Rising prices for non-food products could also cause farmers to shift production away from food produce. The Telegraph has reported that farmers may have to plant fewer crops for milling wheat and more for animal feed, which is “spiralling” in cost, as they are very likely to obtain a good price. Minette Batters, president of the National Farmers’ Union (NFU), has warned that this could “leave the bread market short” and argued that farmers should be incentivised to produce food.
Growers are also increasingly utilising crops to produce biofuels. Food companies and policy makers are calling for the easing of incentives for biofuel crops to increase global grain and vegetable oil supplies. The International Food Policy Research Institute has said that “now is not the time to be encouraging the conversion of food crops to energy through artificial policy incentives”.
Farmers are having to adapt their business model in response to high fertiliser prices. Matt Culley, NFU crops board chairman, has said that farmers will need to make tough decisions on what to plant this autumn and whether to downsize production or reduce fertiliser usage, potentially reducing productivity. Mr Culley has also said that higher prices mean greater risks for farmers, as they must make a greater investment despite potential threats including weather and reduced future demand with no price guarantees.
Livestock farmers are similarly experiencing problems due to high feed prices. Helen Dickinson, chief executive of the British Retail Consortium, has said that animal feed costs for farmers, including poultry farmers, are “soaring”. Pig farmers have also seen a significant rise in costs with feed prices now making up 70% of total input costs. In an open letter to Tesco CEO Ken Murphy, Rob Mutimer, chair of the National Pig Association, said that farmers are now losing in excess of £50 per pig.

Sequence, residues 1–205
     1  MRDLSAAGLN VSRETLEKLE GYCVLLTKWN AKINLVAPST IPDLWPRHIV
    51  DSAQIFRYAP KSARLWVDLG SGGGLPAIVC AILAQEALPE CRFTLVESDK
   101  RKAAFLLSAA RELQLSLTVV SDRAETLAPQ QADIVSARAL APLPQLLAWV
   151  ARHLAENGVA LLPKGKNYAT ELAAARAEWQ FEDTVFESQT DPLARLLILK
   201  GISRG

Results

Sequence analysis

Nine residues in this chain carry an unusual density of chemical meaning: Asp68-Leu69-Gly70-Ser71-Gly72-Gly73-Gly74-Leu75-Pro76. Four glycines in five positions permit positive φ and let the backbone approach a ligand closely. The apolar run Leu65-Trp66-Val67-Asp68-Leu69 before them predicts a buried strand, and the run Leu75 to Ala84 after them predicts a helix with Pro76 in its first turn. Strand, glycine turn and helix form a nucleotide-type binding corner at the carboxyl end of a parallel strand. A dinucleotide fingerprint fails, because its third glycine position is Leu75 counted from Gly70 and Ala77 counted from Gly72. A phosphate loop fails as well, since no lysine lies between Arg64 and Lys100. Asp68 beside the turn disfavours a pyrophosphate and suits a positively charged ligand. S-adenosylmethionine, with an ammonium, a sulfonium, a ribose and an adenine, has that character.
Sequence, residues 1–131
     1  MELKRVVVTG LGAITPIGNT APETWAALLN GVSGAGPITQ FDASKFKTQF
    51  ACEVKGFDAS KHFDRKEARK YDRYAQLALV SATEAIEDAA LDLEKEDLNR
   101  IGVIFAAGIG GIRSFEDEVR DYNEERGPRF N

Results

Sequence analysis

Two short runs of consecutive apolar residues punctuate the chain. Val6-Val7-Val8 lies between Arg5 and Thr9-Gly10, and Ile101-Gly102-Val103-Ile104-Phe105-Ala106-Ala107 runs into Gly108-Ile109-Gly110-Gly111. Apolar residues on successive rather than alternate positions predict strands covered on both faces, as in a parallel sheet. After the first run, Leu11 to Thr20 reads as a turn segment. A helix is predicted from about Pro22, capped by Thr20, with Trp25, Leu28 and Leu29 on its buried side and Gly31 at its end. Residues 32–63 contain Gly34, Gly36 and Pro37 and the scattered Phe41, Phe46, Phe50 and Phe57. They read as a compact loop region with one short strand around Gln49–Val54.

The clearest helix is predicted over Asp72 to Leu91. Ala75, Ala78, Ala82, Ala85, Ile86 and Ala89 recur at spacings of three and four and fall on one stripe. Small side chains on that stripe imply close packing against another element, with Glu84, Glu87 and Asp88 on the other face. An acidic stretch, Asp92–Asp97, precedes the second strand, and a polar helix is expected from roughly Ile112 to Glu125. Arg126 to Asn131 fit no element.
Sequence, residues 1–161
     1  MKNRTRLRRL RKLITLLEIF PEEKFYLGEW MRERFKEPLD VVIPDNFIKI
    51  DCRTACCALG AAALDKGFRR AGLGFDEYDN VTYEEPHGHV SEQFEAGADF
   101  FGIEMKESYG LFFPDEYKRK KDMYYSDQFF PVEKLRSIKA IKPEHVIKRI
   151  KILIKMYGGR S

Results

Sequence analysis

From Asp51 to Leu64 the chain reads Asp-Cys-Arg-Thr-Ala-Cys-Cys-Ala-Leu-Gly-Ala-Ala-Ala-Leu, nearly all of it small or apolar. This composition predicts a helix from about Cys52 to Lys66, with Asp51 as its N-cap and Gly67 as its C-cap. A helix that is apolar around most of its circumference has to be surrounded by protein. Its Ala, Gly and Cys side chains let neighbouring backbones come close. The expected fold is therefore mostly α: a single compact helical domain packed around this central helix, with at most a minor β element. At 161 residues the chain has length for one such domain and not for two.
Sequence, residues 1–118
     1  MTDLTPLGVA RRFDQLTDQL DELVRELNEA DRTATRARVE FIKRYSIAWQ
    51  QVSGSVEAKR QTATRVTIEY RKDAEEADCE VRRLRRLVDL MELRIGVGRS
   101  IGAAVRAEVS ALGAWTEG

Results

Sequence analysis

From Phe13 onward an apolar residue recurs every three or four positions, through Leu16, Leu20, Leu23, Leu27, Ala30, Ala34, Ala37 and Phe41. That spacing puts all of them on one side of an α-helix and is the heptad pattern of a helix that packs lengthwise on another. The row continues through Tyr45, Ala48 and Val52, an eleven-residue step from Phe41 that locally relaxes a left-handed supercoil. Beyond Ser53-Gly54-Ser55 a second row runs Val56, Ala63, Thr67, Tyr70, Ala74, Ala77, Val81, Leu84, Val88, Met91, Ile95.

High costs also risk the sustainability of farmers’ businesses. Tom Bradshaw, deputy president of the NFU, has warned that poultry and pig farmers face “massively increased costs and need a more sustainable price” for their products. Mr Bradshaw added that unless there was a rise in prices, farmers “won’t be able to afford to produce the eggs and the chickens and the pigs for next year”.
4. What is the government’s policy?
A DEFRA press release issued on 30 March 2022 detailed how the department was “supporting farmers ahead of the coming growing season”, including assistance with “the availability of fertilisers to address uncertainty amongst growers and keep costs down”. This includes a delay in implementing the findings of a review into reducing ammonia emissions from solid urea fertilisers. From 2023, farmers were due to only be able to use untreated or unprotected urea fertilisers from 15 January to 31 March each year. The delay has been made to help farmers manage costs and give them more time to adapt.